Public Works Week - Rick Lawrence

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People Behind the Pipes

This Q&A profile is part of Public Works Week 2019, honoring professionals in DSRSD's Field Operations Division who help ensure safe and reliable water, wastewater collection, and recycled water services 24 hours a day, every day.

Water/Wastewater Systems Operator IV-On Call -- Rick Lawrence

 Water/Wastewater Systems Operator IV-On Call Rick Lawrence checks the SCADA system computer.
Water/Wastewater Systems Operator IV Rick Lawrence uses the SCADA computer system to monitor and operate DSRSD's water, sewer, and recycled water.

1. Tell us about your job.
When you’re on call, you take care of anything. You can get numerous calls, or it can be quiet. We rotate on-call weeks that start Monday morning and run through the following Monday morning. I take calls from the fire department, police department, the wastewater treatment plant, and occasionally directly from the public. When it’s off-hours during nights or weekends, some calls can be handled remotely with the SCADA system (Supervisory Control and Data Acquisition, a computer system that helps operate and monitor DSRSD’s water distribution, sewer, and recycled water systems). If it can’t be fixed with a laptop, I go to the site. On weekends—and holidays too—we spend about four to five hours doing routine tasks such as adding fluoride and running tests at the turnout points from Zone 7 Water Agency.

When I’m not on call, I can be working on the sewer collection system, water distribution system, taking potable water Bac-T samples (to test for coliform bacteria), repairing a main line break, or working on the recycled water system. Even then, you can be scheduled to do something and totally get pulled from that.

2. What do you like best about the job?
I like going out to a call where I can help someone who needs it. There’s a lot of troubleshooting involved – incorrect water softening tanks, shutting off leaks. We do a lot of interface with the public, and I like helping people who appreciate our efforts. The job can be challenging and rewarding at the same time.

3. How did you get into the industry?
I got involved by chance. It wasn’t the career I was chasing, but it’s been good to me. I used to work at the Santa Rita Jail; I was going to be a cop. During that time, I applied for a street lighting technician position with the City of Livermore because I had some background experience. They called me in for two interviews—one was for streets, and the other was for wastewater collections, which I didn’t even know. I started working in the collections division, and my job was to jet every sewer line running to the treatment plant. Jetting involves flushing the sewer lines to clean them out for preventative maintenance. I also jetted storm lines and performed CCTV (closed-circuit television) inspections of sewers.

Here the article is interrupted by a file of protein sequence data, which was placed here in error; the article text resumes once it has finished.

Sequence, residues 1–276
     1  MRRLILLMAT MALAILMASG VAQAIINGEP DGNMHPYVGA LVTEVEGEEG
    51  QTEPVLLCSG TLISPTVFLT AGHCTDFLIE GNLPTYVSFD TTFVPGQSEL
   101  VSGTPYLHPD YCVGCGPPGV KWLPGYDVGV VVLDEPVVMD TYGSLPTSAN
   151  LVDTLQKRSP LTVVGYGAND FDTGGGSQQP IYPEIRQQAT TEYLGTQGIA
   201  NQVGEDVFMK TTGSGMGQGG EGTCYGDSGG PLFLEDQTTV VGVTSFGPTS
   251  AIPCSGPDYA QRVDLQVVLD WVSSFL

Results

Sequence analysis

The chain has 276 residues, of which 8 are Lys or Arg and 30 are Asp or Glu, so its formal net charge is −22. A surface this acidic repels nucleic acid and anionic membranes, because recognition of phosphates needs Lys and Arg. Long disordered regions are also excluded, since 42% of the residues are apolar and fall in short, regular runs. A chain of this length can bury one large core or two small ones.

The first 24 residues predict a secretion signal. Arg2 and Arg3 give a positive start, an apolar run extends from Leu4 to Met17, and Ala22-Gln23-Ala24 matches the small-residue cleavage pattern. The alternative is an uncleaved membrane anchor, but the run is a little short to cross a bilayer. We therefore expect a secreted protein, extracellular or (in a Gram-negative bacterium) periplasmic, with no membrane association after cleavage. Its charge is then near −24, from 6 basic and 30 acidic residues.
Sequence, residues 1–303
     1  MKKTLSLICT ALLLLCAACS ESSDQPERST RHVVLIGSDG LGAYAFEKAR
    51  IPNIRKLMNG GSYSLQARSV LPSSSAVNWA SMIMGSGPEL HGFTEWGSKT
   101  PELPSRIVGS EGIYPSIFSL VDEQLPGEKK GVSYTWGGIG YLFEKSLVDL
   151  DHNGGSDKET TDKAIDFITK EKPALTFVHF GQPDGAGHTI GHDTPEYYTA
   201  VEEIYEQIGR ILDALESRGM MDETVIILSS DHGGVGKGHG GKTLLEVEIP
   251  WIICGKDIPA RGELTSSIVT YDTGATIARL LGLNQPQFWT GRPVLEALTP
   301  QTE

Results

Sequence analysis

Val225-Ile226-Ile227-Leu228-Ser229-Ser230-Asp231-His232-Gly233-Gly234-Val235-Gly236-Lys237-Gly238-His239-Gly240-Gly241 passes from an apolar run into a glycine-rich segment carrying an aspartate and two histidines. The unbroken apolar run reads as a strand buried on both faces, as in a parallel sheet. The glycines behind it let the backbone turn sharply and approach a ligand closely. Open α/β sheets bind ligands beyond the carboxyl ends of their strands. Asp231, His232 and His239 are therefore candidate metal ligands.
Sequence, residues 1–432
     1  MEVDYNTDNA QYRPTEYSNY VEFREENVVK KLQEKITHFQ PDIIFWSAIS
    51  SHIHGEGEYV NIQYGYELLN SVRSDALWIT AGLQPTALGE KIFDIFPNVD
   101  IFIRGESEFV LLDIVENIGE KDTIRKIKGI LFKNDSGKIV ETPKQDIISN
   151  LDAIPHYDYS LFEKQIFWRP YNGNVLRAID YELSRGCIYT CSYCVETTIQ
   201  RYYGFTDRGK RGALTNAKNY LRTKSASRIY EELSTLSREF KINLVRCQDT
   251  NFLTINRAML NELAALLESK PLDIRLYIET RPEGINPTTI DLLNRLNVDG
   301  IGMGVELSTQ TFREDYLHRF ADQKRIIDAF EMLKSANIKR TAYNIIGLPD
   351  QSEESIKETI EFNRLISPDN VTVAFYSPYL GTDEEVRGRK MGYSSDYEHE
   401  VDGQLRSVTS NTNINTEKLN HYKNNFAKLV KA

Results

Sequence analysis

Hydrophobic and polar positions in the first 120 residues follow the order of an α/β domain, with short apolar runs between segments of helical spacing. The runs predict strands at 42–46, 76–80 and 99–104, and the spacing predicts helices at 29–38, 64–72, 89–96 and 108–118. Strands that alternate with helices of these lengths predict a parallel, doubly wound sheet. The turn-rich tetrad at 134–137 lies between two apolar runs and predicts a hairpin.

I also wanted to learn the water side of things, so I transferred to the water department with the City. I also considered wastewater treatment and took an ROP (Regional Occupational Program) class with an instructor from DSRSD. Ultimately, I didn’t want to work the different shifts plant operators have, and I joined DSRSD Field Operations in 2004.

4. What are the biggest challenges of your position?
A hard part recently has been the growth in the community. Traffic can be bad getting from one location to another while out in the field, and it slows down your day making it longer to respond to calls sometimes.

Springtime is also a common time to have taste and odor issues due to algae blooms. Because of this, Zone 7’s water treatment staff will add chloramine (a disinfectant), and we may get calls about taste or odor. We will respond to calls and test for chlorine residuals in the water coming into the house. I explain to customers the reason why taste or odor are different, how the District tests water quality weekly, and that the water is safe to drink. You try to educate people, which is a huge part of the job. And we, as operators, have to be educated in order to inform the public.

5. What is something unique about you?
I grew up in the western world on ranches, showing horses. My dad was a horse trainer. I rode bulls when I was younger, but I got injured. I eventually got back into it with roping. I’ve won three state titles, a northwest regional final, and taken first and second place at the national finals for the American Cowboy Team Roping Association. The one I want to win is the World Series of Team Roping held in Las Vegas every December. I’ve competed once, and I’ve gone the last few years to watch—you want to see the competitors’ times and how they’re roping. You meet a lot of good people.

6. What do you do in your spare time?
I was a wrestler when I was younger and also did judo. Now I’ve gotten my 11-year-old daughter into Brazilian jiu-jitsu, and I take her to tournaments. It’s cool watching her. She’s tough, but sometimes overconfident. She and my 9-year-old daughter like riding horses too. They’ve started raising pigs for 4-H. I’m the vet and everything now.